Is seems like something of a departure from What Richard Did?

It is different. There are lots of aspects of the film that people will see links to the other work that I’ve done, particularly Adam & Paul which itself has that kind of quite deadpan, slapstick sort of downbeat comedy. And that strand is in Frank as well. The story is about a guy who isn’t creative, who desperately wants to be. And the mythology of creativity is something that this film kind of explores and tries to undermine…

What appealed to me about it was the potential it had when I read it for a certain kind of very joyful, playful film-making, which I also really love and which I haven’t had a chance to express in the last projects that I’ve done really because they’ve been very different animals. Those expansive possibilities that Frank offered really appealed to me. And I want to continue to make films like What Richard Did but I also have a strong draw towards ideas that need to be made on a bigger scale and Frank is the first of those.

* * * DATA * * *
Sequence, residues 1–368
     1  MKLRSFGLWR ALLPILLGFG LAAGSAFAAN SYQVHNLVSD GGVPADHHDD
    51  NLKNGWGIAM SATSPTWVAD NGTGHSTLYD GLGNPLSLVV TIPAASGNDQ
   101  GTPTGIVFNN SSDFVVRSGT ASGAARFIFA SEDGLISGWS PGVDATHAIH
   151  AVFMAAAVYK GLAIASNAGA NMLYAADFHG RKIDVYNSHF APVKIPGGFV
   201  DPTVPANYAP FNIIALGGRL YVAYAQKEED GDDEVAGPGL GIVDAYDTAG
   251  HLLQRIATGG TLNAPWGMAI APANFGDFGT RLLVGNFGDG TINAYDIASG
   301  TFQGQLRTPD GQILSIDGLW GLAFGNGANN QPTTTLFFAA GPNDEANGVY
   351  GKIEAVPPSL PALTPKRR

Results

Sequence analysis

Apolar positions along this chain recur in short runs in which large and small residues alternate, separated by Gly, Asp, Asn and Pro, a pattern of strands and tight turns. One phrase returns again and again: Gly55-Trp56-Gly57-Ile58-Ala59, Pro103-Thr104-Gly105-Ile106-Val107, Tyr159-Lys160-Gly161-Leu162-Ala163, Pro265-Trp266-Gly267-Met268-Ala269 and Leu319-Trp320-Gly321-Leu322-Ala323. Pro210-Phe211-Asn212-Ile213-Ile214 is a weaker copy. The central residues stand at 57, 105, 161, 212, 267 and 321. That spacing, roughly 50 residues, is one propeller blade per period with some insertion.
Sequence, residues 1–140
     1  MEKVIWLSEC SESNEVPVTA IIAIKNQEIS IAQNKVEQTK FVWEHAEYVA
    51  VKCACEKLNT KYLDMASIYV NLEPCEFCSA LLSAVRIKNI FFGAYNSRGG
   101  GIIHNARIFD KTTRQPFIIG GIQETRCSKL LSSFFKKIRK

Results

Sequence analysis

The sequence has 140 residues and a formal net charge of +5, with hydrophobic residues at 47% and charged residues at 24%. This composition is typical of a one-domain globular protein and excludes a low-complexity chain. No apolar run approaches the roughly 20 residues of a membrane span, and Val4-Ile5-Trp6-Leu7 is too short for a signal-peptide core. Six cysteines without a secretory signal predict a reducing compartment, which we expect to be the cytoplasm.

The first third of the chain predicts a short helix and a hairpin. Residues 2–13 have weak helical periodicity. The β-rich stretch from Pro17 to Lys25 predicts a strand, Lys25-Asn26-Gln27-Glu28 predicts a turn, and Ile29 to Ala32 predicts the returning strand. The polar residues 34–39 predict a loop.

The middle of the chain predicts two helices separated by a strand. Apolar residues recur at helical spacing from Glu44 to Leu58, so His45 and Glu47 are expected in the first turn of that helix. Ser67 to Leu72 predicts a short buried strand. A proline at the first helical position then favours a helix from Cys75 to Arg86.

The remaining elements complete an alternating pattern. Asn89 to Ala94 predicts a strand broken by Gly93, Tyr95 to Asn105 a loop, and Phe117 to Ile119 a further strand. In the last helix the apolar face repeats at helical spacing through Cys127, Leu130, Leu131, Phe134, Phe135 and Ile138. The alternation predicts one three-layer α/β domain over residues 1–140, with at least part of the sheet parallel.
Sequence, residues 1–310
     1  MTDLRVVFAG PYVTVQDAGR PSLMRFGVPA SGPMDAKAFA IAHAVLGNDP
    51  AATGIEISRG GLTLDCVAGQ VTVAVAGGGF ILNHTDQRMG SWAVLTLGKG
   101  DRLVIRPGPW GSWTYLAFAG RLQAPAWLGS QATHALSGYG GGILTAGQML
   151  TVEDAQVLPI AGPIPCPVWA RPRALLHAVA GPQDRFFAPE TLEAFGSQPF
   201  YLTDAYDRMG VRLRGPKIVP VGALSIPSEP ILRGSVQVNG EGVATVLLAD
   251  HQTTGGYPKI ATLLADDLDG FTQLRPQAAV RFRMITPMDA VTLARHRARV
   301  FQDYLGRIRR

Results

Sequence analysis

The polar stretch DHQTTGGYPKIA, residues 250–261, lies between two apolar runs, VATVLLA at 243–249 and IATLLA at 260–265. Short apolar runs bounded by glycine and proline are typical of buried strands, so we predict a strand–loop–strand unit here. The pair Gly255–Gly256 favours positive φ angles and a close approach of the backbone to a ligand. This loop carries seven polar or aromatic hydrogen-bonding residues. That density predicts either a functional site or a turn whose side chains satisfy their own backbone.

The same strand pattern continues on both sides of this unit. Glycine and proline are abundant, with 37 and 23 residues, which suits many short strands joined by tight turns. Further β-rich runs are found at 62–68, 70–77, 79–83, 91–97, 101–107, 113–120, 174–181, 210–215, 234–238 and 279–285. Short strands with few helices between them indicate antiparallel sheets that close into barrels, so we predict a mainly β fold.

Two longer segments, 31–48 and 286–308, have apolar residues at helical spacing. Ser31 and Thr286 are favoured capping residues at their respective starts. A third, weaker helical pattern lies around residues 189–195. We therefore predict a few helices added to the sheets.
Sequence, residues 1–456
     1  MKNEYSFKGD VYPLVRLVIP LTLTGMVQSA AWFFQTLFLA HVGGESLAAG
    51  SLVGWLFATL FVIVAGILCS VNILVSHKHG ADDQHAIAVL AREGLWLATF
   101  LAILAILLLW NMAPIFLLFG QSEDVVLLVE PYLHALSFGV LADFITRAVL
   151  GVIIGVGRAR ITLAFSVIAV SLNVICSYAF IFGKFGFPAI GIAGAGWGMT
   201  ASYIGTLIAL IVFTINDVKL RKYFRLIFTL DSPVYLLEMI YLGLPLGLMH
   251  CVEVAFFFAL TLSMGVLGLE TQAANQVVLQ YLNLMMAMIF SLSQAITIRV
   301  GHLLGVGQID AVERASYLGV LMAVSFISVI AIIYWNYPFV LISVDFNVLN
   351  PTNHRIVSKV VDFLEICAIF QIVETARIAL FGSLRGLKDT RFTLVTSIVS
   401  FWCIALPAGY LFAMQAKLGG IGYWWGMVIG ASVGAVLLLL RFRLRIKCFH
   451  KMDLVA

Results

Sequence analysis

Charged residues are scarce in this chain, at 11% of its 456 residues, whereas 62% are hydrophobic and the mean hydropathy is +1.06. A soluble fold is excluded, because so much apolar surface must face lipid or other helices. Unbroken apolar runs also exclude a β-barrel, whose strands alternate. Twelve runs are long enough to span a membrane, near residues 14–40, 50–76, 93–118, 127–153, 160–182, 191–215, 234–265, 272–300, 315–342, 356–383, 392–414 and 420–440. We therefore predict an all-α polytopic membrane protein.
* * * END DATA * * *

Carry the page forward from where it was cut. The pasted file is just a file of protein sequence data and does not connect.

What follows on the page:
What was your approach to the music in the film?

This was a huge part of development – really thinking hard about what the band would sound like. First of all it had to really come out of the people that we cast because I wanted the music to be played live, and it is all played live by the actors. And it’s recorded live. So it’s not just that the actors made the music in the studio then mimed to themselves: what you hear is what’s played in the room on the day. So that was a big challenge, but it does give the thing a lot of life. So that was one constraint. Having a real drummer like Carla Azar was really brilliant, and Francois Civil, who plays Baraque, the bass player: he’s a young French actor but he’s also a great bass player so that was kind of the core. And actually Domhnall’s very musical. Maggie’s musical, Michael is too. So it all worked.

The music is eclectic, strange, deliberately hard to pin down because we wanted Frank’s character to be permanently exploring musical possibilities.

So you had to write all the songs?